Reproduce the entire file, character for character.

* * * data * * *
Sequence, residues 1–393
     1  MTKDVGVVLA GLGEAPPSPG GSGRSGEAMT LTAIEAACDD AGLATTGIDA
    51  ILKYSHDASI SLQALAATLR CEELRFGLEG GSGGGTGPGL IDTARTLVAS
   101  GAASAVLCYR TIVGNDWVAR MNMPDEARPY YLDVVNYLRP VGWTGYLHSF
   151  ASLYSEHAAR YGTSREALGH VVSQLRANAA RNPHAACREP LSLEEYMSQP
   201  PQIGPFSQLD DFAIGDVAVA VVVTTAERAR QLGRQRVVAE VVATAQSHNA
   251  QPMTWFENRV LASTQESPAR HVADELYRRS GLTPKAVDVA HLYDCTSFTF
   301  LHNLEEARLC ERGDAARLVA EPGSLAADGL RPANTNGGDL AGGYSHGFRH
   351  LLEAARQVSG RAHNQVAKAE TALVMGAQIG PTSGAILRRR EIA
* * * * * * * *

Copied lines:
Sequence, residues 1–393
     1  MTKDVGVVLA GLGEAPPSPG GSGRSGEAMT LTAIEAACDD AGLATTGIDA
    51  ILKYSHDASI SLQALAATLR CEELRFGLEG GSGGGTGPGL IDTARTLVAS
   101  GAASAVLCYR TIVGNDWVAR MNMPDEARPY YLDVVNYLRP VGWTGYLHSF
   151  ASLYSEHAAR YGTSREALGH VVSQLRANAA RNPHAACREP LSLEEYMSQP
   201  PQIGPFSQLD DFAIGDVAVA VVVTTAERAR QLGRQRVVAE VVATAQSHNA
   251  QPMTWFENRV LASTQESPAR HVADELYRRS GLTPKAVDVA HLYDCTSFTF
   301  LHNLEEARLC ERGDAARLVA EPGSLAADGL RPANTNGGDL AGGYSHGFRH
   351  LLEAARQVSG RAHNQVAKAE TALVMGAQIG PTSGAILRRR EIA